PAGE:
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Promises Must Be Kept

By Phil Lawler (bio - articles - email) | Apr 29, 2009

 Jeff Mirus has already commented on the absolutely critical role that Catholic bishops play in the American pro-life movement, and since his thoughts on that issue closely match mine, let me jump forward to the next topic I was planning to raise on this string: the importance of forcing politicians to honor their campaign promises.

Pro-life activists have poured their energies into political campaigns over the past 30 years. Politicians have learned that pro-lifers will stuff envelopes, attend rallies, make phone calls, organize events, write letters, solicit donations, and-- most important of all-- show up in force to vote on Election Day. Particularly within the Republican Party, the pro-life movement has become a formidable bloc. Support from that movement is not a guarantee of electoral victory, but it's a step in the right direction. In any closely contested electoral race, smart politicians will compete for this valuable constituency.

In theory, that competition should put the pro-life movement in a strong position. We should be able to put pressure on politicians, ask them to make firm commitments, and throw our support only to those campaigners who fulfill all our demands. In practice, however, pro-life activists have been too willing to settle for lukewarm performance. Too many campaigners have captured pro-life support simply by making general statements, claiming to be pro-life, without producing hard evidence to prove their credentials. Once elected with the support of pro-life activists, too many politicians have been able to maintain that support by doing the absolute minimum-- continuing to make occasional public statements, but rarely taking action to advance pro-life legislation. 

To avoid selling our support too cheaply, to politicians who do not really deserve it, I suggest that pro-lifers should take a tough-minded approach to all political contests. Some specific suggestions:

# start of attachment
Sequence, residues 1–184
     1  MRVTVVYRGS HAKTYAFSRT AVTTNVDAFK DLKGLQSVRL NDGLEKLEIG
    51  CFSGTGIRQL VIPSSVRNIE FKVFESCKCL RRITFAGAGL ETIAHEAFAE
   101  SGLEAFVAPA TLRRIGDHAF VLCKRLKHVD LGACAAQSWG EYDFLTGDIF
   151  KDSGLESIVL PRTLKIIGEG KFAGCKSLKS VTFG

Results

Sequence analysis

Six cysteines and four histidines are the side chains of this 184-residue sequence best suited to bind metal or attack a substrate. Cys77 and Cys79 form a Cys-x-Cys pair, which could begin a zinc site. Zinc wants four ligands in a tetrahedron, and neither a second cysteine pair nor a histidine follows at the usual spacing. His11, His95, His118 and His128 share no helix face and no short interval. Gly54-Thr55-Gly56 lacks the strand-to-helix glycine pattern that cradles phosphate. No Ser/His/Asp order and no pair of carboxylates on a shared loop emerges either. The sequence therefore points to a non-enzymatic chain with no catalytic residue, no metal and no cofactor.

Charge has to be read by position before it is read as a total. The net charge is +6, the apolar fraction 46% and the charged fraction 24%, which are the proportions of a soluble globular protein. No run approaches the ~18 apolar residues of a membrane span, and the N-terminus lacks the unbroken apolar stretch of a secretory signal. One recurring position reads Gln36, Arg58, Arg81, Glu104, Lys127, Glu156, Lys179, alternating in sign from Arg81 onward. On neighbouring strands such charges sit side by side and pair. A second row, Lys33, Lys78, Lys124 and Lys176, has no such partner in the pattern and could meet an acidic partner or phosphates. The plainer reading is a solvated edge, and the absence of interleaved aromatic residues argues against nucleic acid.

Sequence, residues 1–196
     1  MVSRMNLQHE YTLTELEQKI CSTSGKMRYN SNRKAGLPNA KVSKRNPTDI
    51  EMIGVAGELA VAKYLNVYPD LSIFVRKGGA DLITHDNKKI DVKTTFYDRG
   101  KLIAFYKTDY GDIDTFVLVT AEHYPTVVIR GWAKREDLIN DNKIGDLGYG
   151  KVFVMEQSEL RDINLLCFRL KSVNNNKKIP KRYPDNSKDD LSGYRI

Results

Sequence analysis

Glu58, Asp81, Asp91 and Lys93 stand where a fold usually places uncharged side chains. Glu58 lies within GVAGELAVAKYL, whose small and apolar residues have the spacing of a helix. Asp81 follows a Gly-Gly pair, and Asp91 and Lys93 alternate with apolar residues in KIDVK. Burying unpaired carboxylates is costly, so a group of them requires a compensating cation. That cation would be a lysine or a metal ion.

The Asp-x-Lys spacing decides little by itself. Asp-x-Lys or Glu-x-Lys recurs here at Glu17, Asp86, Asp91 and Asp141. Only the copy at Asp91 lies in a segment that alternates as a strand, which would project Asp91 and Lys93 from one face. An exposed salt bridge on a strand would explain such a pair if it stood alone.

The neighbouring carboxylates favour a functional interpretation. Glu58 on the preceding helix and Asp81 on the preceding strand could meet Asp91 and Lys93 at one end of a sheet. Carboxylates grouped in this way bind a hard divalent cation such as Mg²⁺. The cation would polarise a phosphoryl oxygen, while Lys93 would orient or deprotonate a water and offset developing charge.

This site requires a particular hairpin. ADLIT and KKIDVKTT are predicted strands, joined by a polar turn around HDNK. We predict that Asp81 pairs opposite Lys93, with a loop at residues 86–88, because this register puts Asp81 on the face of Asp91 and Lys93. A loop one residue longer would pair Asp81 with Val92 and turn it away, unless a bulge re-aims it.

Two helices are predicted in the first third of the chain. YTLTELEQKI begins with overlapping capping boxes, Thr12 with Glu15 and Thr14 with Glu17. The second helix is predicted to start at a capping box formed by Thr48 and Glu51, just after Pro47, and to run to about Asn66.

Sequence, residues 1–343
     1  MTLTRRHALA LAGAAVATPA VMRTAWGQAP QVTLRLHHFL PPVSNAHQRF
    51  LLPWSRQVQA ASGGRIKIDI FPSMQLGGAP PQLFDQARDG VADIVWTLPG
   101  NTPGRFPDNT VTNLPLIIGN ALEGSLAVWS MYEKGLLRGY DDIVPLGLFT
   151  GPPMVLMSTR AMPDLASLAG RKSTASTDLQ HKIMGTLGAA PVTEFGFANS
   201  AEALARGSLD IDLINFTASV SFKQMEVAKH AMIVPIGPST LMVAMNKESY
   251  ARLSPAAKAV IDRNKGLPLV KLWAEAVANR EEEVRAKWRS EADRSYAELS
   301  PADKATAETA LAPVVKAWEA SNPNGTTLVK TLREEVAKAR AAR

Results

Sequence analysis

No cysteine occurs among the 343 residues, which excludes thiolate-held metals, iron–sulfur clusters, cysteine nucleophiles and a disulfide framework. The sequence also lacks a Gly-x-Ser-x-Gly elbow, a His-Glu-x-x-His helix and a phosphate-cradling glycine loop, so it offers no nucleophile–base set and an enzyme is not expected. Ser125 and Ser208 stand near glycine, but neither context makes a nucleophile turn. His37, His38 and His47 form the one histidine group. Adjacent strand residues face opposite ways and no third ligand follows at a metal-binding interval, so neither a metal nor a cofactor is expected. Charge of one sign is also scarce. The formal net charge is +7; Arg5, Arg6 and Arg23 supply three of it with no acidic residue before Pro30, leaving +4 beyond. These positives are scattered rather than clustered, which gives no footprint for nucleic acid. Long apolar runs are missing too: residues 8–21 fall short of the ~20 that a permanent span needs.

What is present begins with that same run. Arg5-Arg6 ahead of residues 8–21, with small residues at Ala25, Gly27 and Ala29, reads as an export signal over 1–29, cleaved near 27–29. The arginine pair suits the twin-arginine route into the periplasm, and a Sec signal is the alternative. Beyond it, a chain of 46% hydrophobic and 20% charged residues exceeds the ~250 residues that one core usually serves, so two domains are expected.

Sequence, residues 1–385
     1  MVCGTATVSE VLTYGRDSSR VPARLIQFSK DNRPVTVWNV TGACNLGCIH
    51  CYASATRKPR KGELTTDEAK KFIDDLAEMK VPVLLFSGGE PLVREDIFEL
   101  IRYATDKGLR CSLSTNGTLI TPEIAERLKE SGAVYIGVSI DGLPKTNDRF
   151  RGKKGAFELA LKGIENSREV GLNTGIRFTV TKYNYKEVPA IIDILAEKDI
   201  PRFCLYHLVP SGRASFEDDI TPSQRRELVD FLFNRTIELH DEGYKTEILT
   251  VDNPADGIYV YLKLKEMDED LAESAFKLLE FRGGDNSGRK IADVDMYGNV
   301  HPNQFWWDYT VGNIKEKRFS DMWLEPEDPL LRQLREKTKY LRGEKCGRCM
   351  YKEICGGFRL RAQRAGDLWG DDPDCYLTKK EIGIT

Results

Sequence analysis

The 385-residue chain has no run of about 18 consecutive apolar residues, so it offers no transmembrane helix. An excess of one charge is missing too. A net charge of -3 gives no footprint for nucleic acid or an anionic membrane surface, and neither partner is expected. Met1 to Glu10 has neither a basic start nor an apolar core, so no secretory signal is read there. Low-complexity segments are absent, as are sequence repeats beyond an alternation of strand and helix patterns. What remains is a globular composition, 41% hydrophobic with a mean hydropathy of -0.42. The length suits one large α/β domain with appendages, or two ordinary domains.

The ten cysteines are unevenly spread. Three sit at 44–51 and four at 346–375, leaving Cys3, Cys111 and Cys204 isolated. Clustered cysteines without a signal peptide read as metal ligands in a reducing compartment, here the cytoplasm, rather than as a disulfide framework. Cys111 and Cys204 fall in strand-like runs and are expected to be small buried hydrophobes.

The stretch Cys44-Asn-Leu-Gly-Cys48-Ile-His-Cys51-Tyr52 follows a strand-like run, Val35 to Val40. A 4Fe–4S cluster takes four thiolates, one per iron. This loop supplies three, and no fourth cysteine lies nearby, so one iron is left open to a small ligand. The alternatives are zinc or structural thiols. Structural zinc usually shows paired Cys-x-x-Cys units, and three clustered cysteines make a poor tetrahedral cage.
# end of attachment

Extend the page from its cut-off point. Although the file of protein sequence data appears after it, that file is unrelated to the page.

If a candidate says that he is pro-life, that's nice. But before leaping enthusiastically onto his bandwagon, let's ask for details. What legislation would he sponsor? Which pro-lifers would he hire for his staff? 

If an incumbent is running for re-election, he should be judged on his track record. Has he sponsored useful bills? Has he been an active participant in legislative debates? Has he hired our friends-- or our adversaries? Has he spoken at fundraisers for pro-life groups? Has he given his support to other pro-life candidates? Has he carried out any promises made before the last election? What has he done for us lately?

When a political campaign pits one pro-life candidate against another, we should be delighted-- and recognize the opportunity to ratchet up our demands. Maybe one candidate will go further than the other to demonstrate his bona fides. If both of them promise to be loyal soldiers in the pro-life battle, that's good. But if one of them might emerge as a genuine leader in that struggle-- another Henry Hyde or Chris Smith-- that's better. Let's ask for more!

Conversely, when neither of the main candidates in a race is pro-life, we shouldn't be tempted to support the lesser of two evils. If both candidates are solidly pro-abortion, pro-life voters should abstain (or, better, they should recruit their own candidate). 

The most interesting strategic questions arise when one leading candidate is pro-abortion and the other has a mixed record. Should we swallow hard and vote for a flawed candidate? Should we launch a quixotic 3rd-party challenge? Should we sit out the race, and hope for a better choice in the next election? All of those options can be valid choices, I think, depending on the circumstances. What I cannot justify is a propaganda campaign aimed at persuading voters that the flawed candidate is actually a pro-life hero. Strategic voting may be a necessity; on Election Day, we may find that our best option isn't a very good one. But let's not deceive ourselves. If the flawed candidate wins, we might feel a sense of relief; at least the abortion industry's candidate didn't win. But let's not pretend that the result is a victory for the pro-life movement.

It might make sense, on Election Day, for individual pro-lifers to cast their ballots for a candidate who hasn't really done anything to inspire their confidence. But it never makes sense to exaggerate the candidate's pro-life credentials. If we demand greater commitment from politicians, we might not always get it. But if we accept less, that's the most we'll ever get.  


 Discussion in order:

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